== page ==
Day 8: An all-nighter!

By October 11th, 2019

By Greta Creed

The timing of science on board the RV Investigator follows a timetable of arrival at a location, rather than office hours. Last night, scientists pulled an all-nighter at Wessel Marine Park located offshore from the Wessel Island archipelago (Northern Territory). Data was actively collected for four projects, with a large number of scientists and other participants, crew, Marine National Facility technical staff and the Educators on Board involved.

Little data had previously been collected about the seafloor or the range of habitats in Wessel Marine Park. However, that changed overnight. The ship’s multibeam echosounding equipment was used as the ship followed a systematic track off Cape Wessel. In doing so, a near blank canvas became more filled with detail about the seafloor.

Launching the Deep Tow Camera. Photo: Chris La Rosa

Launching the Deep Tow Camera. Photo: Chris La Rosa.

The Deep Tow Camera, an array of still and video cameras, was lowered overboard four times throughout the night. From this, imagery and data about some of Wessel’s marine habitat was collected. Life forms observed include a range of soft corals, sea stars, fish, squid, stingrays and sponges. The transects surveyed proved to be quite turbid, with lots of sediment movement due to currents.

The CTD (Conductivity, Temperature, Depth) rosette was also deployed twice to collect water samples amidst the mapping and camera work. And while the ship was stationary for the CTD, further samples were collected for the Trichodesmium project.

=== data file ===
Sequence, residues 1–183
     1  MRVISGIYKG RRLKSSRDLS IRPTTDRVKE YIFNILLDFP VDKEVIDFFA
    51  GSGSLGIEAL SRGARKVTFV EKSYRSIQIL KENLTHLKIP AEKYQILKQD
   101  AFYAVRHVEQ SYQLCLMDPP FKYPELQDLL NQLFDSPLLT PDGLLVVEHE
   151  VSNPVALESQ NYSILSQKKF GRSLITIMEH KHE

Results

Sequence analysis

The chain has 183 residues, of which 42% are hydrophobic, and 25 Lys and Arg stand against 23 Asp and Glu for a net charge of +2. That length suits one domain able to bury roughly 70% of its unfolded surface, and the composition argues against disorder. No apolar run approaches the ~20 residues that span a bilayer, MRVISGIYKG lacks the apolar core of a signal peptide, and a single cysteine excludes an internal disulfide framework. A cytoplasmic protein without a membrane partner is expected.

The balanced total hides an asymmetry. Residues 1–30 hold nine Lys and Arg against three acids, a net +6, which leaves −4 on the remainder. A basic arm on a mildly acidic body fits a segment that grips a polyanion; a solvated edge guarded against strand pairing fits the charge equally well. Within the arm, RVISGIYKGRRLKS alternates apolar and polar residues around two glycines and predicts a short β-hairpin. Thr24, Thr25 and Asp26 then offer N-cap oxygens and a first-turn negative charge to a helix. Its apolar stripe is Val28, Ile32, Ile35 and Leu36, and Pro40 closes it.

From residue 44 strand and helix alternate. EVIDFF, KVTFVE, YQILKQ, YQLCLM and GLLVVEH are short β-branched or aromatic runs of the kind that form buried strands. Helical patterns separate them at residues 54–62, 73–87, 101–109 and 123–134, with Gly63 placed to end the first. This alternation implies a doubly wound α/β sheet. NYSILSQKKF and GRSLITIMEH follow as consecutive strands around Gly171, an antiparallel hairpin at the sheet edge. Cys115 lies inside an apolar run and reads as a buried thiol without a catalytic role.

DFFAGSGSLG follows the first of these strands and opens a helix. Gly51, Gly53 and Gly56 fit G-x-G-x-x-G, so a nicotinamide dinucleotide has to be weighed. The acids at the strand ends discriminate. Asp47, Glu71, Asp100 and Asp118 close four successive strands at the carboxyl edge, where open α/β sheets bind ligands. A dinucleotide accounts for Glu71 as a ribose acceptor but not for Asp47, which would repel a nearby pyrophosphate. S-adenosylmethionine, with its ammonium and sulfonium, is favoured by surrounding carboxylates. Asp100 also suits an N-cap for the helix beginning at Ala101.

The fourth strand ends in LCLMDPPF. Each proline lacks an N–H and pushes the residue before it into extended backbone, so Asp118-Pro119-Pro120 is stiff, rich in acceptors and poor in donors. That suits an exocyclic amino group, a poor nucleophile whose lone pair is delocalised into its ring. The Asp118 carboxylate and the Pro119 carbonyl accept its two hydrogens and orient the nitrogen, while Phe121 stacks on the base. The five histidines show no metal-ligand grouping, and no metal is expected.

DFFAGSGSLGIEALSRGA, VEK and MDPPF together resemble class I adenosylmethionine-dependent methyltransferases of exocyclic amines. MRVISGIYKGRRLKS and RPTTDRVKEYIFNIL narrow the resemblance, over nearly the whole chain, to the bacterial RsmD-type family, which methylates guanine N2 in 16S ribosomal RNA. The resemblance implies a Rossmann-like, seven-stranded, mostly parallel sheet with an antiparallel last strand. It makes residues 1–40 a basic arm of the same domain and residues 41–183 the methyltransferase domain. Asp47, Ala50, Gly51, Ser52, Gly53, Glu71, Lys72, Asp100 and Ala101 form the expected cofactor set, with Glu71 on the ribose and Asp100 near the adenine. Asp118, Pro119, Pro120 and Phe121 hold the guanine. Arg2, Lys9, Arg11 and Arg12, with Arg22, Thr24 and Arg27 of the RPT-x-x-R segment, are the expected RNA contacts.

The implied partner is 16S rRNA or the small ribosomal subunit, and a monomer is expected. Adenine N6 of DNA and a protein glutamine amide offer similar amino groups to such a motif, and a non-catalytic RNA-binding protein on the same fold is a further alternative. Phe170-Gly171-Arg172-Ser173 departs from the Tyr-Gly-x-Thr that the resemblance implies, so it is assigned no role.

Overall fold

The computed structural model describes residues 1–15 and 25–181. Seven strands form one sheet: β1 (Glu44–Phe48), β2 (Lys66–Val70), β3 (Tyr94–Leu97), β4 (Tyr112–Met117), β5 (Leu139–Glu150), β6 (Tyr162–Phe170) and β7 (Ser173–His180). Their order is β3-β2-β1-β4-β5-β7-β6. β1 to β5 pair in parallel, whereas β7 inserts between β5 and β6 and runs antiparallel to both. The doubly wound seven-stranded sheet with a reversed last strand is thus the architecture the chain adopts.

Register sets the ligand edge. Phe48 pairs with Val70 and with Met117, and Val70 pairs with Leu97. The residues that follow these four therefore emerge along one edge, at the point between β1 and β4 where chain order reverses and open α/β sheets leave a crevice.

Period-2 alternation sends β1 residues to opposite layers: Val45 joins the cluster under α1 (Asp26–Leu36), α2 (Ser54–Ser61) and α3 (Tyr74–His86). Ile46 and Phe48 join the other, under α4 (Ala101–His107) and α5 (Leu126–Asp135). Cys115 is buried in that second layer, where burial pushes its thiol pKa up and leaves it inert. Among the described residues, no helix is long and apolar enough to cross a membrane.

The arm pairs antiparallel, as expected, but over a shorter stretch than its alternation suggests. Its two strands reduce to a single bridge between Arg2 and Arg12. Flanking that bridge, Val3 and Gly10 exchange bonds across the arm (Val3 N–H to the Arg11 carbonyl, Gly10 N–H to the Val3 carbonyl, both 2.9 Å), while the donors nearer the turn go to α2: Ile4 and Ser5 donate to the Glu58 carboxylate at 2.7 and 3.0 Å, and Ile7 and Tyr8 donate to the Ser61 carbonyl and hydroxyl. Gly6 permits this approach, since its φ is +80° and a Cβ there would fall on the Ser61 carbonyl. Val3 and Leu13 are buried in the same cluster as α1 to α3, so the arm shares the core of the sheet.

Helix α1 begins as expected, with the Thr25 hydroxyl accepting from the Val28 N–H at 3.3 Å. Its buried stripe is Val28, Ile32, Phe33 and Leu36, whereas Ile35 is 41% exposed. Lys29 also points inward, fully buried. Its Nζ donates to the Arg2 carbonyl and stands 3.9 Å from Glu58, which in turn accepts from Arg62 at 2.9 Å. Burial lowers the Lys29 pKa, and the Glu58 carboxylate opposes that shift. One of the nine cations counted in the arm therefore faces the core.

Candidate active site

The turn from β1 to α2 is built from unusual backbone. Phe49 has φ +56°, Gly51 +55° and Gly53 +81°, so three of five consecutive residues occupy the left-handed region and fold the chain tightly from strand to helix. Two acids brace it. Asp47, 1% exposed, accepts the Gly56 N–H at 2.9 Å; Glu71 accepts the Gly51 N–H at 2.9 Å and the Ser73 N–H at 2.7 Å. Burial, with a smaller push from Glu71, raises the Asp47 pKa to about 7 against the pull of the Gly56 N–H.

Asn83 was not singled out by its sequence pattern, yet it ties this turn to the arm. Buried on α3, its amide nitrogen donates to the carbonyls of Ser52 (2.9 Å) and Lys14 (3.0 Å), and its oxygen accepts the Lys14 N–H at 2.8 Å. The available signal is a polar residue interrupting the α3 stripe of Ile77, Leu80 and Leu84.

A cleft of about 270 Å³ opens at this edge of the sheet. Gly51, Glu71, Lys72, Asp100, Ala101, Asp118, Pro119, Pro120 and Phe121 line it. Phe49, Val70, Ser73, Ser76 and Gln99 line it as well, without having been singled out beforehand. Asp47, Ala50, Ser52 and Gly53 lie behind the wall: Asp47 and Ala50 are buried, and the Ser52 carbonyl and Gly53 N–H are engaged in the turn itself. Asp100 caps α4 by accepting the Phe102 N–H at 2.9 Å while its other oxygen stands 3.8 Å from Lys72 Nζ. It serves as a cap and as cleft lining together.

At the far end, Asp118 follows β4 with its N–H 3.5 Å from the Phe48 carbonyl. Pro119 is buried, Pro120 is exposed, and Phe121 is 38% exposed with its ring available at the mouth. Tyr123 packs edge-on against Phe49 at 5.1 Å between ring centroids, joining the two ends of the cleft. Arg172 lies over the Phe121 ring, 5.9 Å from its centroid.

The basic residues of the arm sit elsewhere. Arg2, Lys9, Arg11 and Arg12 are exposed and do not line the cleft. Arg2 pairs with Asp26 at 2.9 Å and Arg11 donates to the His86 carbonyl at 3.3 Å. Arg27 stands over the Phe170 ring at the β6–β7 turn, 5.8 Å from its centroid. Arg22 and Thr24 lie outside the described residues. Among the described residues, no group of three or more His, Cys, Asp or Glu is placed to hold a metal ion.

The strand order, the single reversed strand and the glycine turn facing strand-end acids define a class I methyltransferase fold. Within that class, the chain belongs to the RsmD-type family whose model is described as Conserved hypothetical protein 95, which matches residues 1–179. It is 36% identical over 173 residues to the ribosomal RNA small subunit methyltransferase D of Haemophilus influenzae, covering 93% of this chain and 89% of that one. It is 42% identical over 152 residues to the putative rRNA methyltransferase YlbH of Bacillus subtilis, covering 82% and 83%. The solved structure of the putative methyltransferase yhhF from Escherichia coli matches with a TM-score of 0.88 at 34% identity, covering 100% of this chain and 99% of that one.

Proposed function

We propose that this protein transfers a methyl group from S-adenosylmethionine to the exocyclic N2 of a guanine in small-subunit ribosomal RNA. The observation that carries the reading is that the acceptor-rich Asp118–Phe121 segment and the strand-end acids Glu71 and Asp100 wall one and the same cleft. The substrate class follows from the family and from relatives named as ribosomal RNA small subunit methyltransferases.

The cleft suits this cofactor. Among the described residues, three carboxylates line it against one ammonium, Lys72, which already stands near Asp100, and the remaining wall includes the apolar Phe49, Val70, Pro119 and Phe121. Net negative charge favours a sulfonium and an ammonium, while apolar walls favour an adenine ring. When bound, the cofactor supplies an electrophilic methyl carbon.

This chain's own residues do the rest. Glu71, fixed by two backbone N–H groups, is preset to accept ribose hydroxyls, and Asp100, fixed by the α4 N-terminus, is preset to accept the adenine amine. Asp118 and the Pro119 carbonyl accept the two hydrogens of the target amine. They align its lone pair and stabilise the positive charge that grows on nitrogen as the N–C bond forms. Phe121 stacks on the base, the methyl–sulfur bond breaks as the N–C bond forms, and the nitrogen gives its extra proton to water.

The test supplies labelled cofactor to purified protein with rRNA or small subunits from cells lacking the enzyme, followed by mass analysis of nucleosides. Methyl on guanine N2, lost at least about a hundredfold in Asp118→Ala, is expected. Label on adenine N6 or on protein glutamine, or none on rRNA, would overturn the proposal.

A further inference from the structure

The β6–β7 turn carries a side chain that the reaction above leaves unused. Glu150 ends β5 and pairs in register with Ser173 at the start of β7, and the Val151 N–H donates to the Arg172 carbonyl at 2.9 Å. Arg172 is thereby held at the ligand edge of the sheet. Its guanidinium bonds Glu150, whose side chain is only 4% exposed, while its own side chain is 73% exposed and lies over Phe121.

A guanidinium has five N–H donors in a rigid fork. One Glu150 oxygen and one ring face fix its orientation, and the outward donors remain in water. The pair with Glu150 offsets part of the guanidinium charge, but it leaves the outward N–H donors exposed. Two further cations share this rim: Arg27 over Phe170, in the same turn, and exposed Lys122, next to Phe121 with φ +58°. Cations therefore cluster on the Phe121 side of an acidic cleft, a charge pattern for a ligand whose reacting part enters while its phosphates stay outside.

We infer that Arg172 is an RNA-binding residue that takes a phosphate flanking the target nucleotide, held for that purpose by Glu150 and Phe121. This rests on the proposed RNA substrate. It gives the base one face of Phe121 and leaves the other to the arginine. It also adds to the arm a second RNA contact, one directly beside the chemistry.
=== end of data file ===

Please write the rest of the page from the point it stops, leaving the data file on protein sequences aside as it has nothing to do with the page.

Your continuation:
Trichodesmium in Wessel Marine Park. Photo: Greta Creed.

Trichodesmium in Wessel Marine Park. Photo: Greta Creed.

So much data! So many participants! So many coffee cups! And so many hours of lost sleep. It was amazing to share the Operations Room with people who were all equally fascinated by what life forms lay on the sea floor. The team work involved in ensuring that each project was able to continue unhindered by the needs of the others was also wonderful to observe. It was also fascinating to observe the seamless operation of the ship where project requirements required changes in the ship’s speed from stationary to up to 8 knots when mapping. I have also discovered the ideal job for those of you who are amazing at working game consoles – remotely driving a camera array at a depth of 1m above the seafloor.

As dawn broke, those of us who were still awake went up to Deck 5 to observe the sunrise over Wessel. Others got up to commence their new day of data collection for ongoing projects. Needless to say, there were lots of naps taken once the ship was underway, heading for the final destination of Darwin.

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